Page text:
Six myths about antibiotics – and the truth behind them


Many people believe their GP should prescribe antibiotics, when the drugs have no effect on the viruses that cause colds, flu and many coughs.

If used too often, bacteria that cause infections can build up resistance to the drugs.

To prevent this, here are some myth busters:

1) Antibiotics are losing their effectiveness at an increasing rate. Bacteria are becoming resistant to antibiotics, which means they no longer work;

2) Many patients expect their GP to prescribe them antibiotics, even for cases that will get better naturally or respond better with other treatments;

3) Antibiotics do not work for ALL colds, or for most coughs, sore throats or earache.

4) Antibiotics can also cause side effects such as rashes, stomach pains and reactions to sunlight;

5) Producing green phlegm or mucus is not always a sign of a bacterial infection that requires antibiotics;

6) Most infections that result in you producing lots of phlegm or mucus are viral illnesses and will get better on their own, although you can expect to feel poorly for a few weeks.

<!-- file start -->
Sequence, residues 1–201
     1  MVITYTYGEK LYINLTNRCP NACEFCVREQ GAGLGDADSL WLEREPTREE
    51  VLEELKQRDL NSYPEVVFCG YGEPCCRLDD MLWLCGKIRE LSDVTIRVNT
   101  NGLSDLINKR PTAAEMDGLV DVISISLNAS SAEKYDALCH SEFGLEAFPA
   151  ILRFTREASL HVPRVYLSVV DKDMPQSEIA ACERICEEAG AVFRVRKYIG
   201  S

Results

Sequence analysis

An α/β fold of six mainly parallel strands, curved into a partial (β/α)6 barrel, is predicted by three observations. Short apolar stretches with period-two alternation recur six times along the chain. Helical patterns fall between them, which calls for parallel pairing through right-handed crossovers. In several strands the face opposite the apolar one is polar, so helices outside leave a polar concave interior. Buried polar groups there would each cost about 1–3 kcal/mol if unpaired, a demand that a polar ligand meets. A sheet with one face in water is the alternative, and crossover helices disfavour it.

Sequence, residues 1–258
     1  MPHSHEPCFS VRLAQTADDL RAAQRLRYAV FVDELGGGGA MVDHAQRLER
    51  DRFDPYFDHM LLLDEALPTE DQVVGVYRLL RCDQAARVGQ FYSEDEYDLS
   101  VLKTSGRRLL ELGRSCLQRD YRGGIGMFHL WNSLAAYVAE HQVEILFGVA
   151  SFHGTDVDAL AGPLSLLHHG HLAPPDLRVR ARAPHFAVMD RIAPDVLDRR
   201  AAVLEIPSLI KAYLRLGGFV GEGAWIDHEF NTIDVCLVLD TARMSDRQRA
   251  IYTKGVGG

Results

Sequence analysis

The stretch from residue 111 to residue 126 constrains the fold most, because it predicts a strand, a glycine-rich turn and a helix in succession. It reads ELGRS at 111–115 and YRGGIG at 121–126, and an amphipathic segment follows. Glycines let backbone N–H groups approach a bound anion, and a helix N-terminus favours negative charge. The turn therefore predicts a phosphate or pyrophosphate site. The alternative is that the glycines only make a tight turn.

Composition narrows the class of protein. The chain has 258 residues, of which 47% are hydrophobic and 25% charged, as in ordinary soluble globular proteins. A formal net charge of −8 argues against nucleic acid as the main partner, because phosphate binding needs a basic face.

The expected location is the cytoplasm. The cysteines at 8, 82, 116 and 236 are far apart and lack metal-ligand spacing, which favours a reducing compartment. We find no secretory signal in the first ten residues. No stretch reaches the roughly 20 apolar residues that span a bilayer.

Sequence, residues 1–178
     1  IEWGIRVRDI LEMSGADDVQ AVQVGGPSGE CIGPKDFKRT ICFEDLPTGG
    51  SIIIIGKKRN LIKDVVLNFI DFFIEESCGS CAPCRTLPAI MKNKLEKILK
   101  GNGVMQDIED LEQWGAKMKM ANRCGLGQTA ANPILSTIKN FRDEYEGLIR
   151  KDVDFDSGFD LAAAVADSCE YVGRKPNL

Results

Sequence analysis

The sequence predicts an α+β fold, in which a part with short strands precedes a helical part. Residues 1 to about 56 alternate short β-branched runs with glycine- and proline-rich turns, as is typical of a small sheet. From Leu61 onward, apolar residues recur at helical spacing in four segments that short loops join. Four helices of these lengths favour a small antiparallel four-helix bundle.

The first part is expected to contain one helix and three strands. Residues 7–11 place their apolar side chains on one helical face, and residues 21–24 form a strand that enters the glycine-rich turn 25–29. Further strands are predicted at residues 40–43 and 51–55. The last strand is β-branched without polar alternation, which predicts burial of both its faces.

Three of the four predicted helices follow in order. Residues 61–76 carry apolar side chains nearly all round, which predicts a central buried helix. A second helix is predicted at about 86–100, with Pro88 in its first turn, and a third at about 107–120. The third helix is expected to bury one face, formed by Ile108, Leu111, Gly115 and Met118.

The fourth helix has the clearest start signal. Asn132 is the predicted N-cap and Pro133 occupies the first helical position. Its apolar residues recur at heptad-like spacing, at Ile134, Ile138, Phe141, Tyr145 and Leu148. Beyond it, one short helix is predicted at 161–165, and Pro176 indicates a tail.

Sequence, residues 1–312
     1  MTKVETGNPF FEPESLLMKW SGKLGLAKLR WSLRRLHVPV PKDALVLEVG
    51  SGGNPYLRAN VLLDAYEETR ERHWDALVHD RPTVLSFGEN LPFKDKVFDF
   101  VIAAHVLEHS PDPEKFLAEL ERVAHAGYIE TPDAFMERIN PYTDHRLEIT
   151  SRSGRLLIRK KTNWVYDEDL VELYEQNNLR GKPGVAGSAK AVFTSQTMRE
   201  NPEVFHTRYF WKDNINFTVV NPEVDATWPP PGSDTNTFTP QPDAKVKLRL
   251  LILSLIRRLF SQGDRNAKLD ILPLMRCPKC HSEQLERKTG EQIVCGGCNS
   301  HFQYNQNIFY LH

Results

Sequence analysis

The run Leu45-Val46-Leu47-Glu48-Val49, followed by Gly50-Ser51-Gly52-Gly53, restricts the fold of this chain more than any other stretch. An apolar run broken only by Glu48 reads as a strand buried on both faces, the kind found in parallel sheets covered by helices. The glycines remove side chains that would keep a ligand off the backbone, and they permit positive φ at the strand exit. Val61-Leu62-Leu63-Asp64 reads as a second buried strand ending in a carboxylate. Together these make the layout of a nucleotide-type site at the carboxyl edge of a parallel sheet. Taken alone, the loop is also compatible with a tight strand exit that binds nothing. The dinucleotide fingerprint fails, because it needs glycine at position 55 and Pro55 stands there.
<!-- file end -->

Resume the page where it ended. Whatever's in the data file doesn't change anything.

To prevent antibiotic resistance the best thing we can practice is self-care - keeping fit and healthy, as well as knowing how to take medicines, treat minor ailments and seek help when you need it.

Many of the common ailments and illnesses like, colds, sore throats, head-aches, hangovers, upset stomachs, coughs, aches and pains are easily treated at home, or with advice from a pharmacist – with no need to see a doctor or nurse.

If you get a common illness, please speak with your local pharmacist who can provide you with the best treatment. It can help to keep a well-stocked medicine cabinet at home to treat a variety of common conditions.

If you want more information on antibiotic resistance, visit